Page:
Plowing, the av melachah of choresh, is forbidden on Shabbat. When one plows, the plowshare cuts into the hard soil, loosening it, making it fertile ground in which to plant. Any other action which accomplishes this is included in the melachah of choresh. There is no minimum amount of soil required, since one can plant a seed even in a small area of earth that has been properly conditioned.1 There is also no specific method in which the melachah must be done. Even scraping the ground with one’s shoe or a heavy chair—if it loosens the earth—is considered choresh.

Plowing in the Mishkan

Plowing was part of the process to grow the herbs used to produce certain dyes for the Mishkan.2 Others source the melachah to the plowing used to produce wheat for some of the sacrifices and for the lechem hapanim, the showbread, which was baked on a weekly basis.3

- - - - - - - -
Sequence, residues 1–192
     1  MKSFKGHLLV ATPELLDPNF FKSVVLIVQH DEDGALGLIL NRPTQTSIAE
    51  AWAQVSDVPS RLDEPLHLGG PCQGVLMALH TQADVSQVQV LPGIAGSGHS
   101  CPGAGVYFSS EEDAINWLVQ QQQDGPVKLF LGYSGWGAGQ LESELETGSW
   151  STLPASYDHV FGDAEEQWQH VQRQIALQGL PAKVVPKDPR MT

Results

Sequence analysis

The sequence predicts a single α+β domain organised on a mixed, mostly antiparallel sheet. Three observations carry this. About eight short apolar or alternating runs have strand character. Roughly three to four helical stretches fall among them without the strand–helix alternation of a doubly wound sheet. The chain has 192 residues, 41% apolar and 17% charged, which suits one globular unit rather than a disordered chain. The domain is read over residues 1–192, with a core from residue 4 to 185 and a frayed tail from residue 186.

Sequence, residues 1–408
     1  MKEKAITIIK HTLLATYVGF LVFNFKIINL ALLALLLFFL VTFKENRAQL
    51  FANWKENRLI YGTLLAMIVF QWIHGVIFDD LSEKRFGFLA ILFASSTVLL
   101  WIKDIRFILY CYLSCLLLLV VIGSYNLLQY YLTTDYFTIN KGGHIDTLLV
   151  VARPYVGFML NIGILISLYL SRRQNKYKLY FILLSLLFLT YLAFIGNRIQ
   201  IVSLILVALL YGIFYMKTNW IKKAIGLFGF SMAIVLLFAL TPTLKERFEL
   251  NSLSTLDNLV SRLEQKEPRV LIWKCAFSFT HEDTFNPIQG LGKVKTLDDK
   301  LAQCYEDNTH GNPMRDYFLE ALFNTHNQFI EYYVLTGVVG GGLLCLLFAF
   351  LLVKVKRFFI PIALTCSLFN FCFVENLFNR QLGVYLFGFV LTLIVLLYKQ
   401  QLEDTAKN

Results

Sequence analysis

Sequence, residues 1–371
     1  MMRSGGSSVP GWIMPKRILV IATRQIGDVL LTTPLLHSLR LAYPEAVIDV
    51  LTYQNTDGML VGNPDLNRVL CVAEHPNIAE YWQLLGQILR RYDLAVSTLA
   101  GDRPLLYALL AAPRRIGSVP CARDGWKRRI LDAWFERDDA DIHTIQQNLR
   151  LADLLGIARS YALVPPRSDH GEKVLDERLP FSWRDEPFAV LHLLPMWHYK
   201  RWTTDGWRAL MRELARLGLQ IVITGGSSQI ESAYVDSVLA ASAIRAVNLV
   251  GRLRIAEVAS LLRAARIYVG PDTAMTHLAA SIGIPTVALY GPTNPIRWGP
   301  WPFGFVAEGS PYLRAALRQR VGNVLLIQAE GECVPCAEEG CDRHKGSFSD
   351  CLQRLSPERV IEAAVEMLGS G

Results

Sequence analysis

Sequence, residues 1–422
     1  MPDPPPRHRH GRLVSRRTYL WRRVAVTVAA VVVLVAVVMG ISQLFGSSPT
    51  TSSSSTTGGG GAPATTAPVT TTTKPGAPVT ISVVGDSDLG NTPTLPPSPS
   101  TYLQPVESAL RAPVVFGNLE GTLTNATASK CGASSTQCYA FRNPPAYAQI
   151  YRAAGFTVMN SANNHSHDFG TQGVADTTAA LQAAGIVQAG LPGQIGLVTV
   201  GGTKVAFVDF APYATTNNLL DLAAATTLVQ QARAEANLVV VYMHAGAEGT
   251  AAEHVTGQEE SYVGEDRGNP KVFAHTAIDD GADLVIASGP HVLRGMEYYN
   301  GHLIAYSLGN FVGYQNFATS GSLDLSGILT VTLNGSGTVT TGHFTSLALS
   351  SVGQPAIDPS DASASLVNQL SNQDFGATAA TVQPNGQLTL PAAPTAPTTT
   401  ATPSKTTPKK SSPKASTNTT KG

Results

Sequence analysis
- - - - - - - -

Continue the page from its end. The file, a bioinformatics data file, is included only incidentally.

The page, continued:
Toladot of Choresh

  • Weeding plants.4
  • Pouring water on the ground to soften the earth and make it suitable for planting.5
  • Leveling the ground by filling a hole or removing stones and pebbles.6
  • Applying soil enhancers or fertilizers.7

Common Activities to Avoid

  • Dragging a heavy chair along the ground.
  • Raking the lawn.
  • Scraping one’s shoe against the ground.8